Grim expectations for report on poverty in United States
The number of people in the United States who are living in poverty is on track for a record increase on President Obama's watch, with the ranks of working-age poor approaching 1960s levels that led to the national war on poverty.
Census figures for 2009 - the recession-ravaged first year of Obama's presidency - are to be released this week, and demographers expect grim findings.
The expected poverty-rate increase - from 13.2 percent to about 15 percent - would be another blow to Democrats struggling to persuade voters to keep them in power. Midterm congressional elections are only weeks away.
Interviews with six demographers who track poverty trends found wide consensus that 2009 figures will probably show a significant rate increase to the range of 14.7 percent to 15 percent.
Should those estimates hold true, some 45 million people in this country, or more than one in seven, were poor last year. It would be the highest single-year increase since the government began calculating poverty figures in 1959. The previous high was in 1980, when the rate jumped 1.3 percentage points to 13 percent during the energy crisis.
Among the working population ages 18 to 64, demographers expect a rise beyond 12.4 percent, up from 11.7 percent. That would make it the highest since at least 1965, when Democratic President Lyndon B. Johnson launched the war on poverty that expanded the federal government's role in social welfare programs from education to health care.
Demographers also are confident the report will show:
l Child poverty increased from 19 percent to more than 20 percent.
l Blacks and Latinos were disproportionately hit, based on their higher rates of unemployment.
l Metropolitan areas that posted the largest gains in poverty included Modesto, Calif.; Detroit; Cape Coral-Fort Myers, Fla.; Los Angeles; and Las Vegas.
Experts say a jump in the poverty rate could mean that the liberal viewpoint - social constraints prevent the poor from working - will gain steam over the conservative position that the poor have opportunities to work but choose not to because they get too much help.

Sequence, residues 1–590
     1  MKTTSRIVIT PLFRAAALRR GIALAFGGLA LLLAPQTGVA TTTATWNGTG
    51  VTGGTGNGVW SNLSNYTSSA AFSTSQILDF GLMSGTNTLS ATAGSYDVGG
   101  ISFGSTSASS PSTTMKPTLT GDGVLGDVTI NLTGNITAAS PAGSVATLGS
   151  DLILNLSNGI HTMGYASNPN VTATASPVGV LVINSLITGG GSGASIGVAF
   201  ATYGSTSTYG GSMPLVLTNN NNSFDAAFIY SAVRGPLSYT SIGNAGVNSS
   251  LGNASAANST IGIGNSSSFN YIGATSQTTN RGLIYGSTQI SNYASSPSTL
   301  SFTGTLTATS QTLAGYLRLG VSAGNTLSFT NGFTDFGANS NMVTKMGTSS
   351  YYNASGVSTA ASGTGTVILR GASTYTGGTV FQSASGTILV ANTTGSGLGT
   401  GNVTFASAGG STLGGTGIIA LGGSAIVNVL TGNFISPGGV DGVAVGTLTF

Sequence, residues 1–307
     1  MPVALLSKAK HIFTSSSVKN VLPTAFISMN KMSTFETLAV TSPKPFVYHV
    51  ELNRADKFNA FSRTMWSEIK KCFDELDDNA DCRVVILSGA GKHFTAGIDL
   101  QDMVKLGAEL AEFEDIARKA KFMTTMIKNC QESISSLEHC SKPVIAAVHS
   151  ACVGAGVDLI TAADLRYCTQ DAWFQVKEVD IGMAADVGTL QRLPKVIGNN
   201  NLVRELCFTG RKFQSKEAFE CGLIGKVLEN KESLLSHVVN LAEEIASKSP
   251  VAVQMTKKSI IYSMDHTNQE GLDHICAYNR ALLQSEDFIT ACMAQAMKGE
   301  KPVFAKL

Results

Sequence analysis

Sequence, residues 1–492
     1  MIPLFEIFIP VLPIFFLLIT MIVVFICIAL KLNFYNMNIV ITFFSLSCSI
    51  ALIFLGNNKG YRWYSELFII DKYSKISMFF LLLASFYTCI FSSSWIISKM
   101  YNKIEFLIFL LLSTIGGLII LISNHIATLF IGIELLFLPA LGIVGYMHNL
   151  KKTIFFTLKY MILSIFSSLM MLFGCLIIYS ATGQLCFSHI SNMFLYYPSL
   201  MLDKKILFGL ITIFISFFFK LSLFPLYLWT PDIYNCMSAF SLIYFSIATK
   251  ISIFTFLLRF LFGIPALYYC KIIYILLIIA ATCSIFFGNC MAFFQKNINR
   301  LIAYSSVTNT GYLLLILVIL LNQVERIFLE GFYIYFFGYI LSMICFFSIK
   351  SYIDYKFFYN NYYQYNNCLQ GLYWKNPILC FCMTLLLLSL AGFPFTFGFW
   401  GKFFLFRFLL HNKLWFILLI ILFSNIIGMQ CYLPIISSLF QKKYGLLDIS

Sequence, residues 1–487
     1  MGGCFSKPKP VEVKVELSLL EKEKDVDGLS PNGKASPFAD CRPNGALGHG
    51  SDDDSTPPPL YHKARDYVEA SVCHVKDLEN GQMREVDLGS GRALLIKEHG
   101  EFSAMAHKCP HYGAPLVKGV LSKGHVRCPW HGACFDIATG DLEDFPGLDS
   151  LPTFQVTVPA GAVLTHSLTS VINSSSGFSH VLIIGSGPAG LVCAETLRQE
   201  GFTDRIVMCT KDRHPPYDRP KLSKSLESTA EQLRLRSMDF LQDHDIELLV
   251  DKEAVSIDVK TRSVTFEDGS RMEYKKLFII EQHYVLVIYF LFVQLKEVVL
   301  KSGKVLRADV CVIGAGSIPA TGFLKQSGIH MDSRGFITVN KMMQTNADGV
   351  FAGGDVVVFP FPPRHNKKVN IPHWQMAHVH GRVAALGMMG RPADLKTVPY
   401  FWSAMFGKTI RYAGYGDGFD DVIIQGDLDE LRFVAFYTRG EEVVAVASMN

To Douglas Besharov, a University of Maryland public-policy professor, the big question is whether there's anything more to do to help impoverished families.
Last year's forecasts are largely based on historical data and the unemployment rate, which climbed to 10.1 percent in October to post a record one-year gain.
The projections partly rely on a methodology by Rebecca Blank, a poverty expert who now oversees the census. She estimated last year that poverty would hit about 14.8 percent if unemployment reached 10 percent.
A formula by Richard Bavier, a former analyst with the White House Office of Management and Budget who has had high rates of accuracy over the past decade, predicts poverty will reach 15 percent. That would put the rate at the highest level since 1993. The all-time high was 22.4 percent in 1959, the first year the government began tracking poverty. It dropped to a low of 11.1 percent in 1973 after Johnson's war on poverty but has since fluctuated in the range of 12 to 14 percent.
Beginning next year, the government plans to publish supplemental poverty figures that are expected to show an even higher number of people in poverty than previously known. The figures will take into account the rising costs of medical care, transportation and child care, a change analysts believe will add to the ranks of both senior citizens and working-age people in poverty.
- Associated Press